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New Zealand's biological control process reviewed

Scion is the leading provider of forest-related knowledge in New Zealand
Formerly known as the Forest Research Institute, Scion has been a leader in research relating to forest health for over 50 years. The Rotorua-based Crown Research Institute continues to provide science that will protect all forests from damage caused by insect pests, pathogens and weeds. The information presented below arises from these research activities.

From Forest Health News 205, May 2010.

The Environmental Risk Management Authority (ERMA New Zealand) has released a review of the influence of the HSNO Act on the process of biological control. The review is based on questionnaire responses and discussions with biological control researchers, industry groups and other interested parties.

The Hazardous Substances and New Organisms (HSNO) Act was introduced in 1996 to regulate the introduction of new organisms, including biological control agents. ERMA New Zealand administers the Act by considering applications to introduce new organisms and provides an independent and transparent decision making process that allows for public participation. Prior to the HSNO Act coming into force, decisions on the introduction of biological control agents were made by senior officials in the Ministry of Agriculture and Forestry.

The review concludes that the HSNO Act is widely accepted by biological control scientists and provides a clear framework for decision making that is removed from political influence. The process thoroughly considers risks to the environment, biodiversity, human health and culture and the economy, and encourages science excellence and a conservative approach to risk. The HSNO Act is highly regarded internationally, as few other countries have such a transparent and structured process.

Enoggera nassaui -a biological control agent introduced to target eucalypt pest Paropsis charybdis in New Zealand.

For industry however, the HSNO Act is seen to add costs to the process of biological control, putting it out of reach of smaller growers with insect pest or weed problems.

Eucalypt growers are a good example of this, being a small industry confronted by large numbers of pests arriving from Australia, for many of which biological control is the only appropriate control option.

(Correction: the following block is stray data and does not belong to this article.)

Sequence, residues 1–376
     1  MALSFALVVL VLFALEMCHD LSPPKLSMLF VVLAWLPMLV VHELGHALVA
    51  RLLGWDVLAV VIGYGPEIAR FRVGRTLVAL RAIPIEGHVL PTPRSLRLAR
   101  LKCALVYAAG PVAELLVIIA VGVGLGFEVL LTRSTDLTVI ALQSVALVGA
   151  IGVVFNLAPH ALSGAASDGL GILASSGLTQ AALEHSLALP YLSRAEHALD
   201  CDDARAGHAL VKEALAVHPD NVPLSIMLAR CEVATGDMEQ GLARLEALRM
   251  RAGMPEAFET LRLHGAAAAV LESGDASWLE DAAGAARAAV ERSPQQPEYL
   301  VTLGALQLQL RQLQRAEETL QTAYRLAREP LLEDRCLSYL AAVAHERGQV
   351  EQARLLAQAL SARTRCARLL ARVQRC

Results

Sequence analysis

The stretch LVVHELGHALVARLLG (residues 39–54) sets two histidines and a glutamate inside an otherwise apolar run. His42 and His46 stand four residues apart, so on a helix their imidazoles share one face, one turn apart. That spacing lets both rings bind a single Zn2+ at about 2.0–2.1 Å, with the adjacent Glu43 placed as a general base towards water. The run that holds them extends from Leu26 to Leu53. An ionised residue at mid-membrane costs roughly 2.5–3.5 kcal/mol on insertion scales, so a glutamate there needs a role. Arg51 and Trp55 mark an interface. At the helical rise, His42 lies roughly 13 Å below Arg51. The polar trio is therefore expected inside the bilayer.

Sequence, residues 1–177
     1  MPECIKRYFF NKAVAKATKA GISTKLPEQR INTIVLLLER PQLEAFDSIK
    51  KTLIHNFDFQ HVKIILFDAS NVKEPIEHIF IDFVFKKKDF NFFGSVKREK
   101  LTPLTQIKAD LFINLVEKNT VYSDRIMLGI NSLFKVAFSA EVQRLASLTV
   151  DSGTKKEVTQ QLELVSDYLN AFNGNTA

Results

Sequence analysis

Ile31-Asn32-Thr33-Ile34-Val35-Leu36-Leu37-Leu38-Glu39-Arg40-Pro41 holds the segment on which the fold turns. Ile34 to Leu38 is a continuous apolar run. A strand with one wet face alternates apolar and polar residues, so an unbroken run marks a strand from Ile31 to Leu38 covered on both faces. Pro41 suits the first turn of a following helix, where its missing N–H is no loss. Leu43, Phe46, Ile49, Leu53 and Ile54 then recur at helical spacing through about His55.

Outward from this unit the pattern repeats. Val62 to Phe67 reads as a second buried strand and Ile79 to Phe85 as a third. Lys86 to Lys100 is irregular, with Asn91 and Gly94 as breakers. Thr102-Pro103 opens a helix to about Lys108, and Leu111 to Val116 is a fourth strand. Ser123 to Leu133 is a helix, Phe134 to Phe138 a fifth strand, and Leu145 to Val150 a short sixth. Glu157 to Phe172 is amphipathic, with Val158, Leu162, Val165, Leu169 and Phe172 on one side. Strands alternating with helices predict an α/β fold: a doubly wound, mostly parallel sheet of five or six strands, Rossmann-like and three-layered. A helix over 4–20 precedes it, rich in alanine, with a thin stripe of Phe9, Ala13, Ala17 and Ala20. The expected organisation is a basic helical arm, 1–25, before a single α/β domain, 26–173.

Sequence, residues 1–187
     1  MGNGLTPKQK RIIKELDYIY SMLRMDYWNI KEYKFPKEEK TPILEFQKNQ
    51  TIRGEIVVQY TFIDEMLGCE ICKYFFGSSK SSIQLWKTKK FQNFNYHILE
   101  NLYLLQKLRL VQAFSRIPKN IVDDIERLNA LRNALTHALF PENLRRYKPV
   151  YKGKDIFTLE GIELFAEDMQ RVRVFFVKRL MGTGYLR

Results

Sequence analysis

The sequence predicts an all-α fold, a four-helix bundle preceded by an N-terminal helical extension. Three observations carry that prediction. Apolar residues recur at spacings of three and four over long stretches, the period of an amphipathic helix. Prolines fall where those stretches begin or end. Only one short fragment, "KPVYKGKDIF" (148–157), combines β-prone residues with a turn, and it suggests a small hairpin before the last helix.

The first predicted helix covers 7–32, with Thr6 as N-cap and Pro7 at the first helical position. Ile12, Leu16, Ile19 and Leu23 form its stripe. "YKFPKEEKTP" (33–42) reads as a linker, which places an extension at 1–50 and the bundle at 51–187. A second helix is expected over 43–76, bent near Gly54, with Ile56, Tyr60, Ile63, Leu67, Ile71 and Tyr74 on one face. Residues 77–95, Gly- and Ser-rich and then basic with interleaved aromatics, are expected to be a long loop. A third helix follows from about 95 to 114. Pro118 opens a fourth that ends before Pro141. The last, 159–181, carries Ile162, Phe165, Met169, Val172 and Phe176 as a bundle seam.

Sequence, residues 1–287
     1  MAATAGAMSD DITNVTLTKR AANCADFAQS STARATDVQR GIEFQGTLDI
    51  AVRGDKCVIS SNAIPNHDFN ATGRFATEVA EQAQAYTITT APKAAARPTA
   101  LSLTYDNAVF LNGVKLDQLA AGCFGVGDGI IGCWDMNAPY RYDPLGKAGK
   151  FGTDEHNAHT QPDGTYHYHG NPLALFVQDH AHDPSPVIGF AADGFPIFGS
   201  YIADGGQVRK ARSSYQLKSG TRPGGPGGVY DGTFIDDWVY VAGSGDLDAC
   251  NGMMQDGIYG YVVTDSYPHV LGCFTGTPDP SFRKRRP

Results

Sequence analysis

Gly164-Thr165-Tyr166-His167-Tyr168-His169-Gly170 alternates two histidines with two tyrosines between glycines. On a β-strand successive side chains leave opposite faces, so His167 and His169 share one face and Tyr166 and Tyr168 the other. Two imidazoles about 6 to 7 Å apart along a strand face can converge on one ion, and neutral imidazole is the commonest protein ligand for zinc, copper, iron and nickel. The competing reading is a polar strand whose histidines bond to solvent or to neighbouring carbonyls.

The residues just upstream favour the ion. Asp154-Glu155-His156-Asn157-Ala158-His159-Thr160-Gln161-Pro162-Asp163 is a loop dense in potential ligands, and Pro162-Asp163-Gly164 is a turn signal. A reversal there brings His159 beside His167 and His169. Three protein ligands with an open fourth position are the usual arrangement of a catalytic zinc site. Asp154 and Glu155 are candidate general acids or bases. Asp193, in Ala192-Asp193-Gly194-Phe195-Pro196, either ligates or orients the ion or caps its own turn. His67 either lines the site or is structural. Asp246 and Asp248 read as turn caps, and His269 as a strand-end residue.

There is no easy solution to the conflicts between the requirements of the application process and the costs to end users. Biological control scientists base their work on international best practice, which is increasing in complexity as we improve our understanding of how introducing a new organism can affect the environment. The New Zealand public tend to be risk averse, citing historic impacts of biological control, often without understanding current best practice and the many benefits. In addition, the HSNO Act deals with genetically modified organisms under the same process, resulting in biological control agents being treated with a similar degree of caution. Meanwhile growers are facing increasing threats from unregulated invaders that escape our biosecurity system, combined with pressure to reduce chemical usage. Biological control is the obvious solution in many cases, and is very cost effective in the long term, but obtaining funding to conduct the research needed to introduce a new agent, as well as application costs, can be restrictive.

The ERMA NZ report is available from

Lisa Berndt


This information is intended for general interest only. It is not intended to be a substitute for specific specialist advice on any matter and should not be relied on for that purpose. Scion will not be liable for any direct, indirect, incidental, special, consequential or exemplary damages, loss of profits, or any other intangible losses that result from using the information provided on this site.
(Scion is the trading name of the New Zealand Forest Research Institute Limited.)


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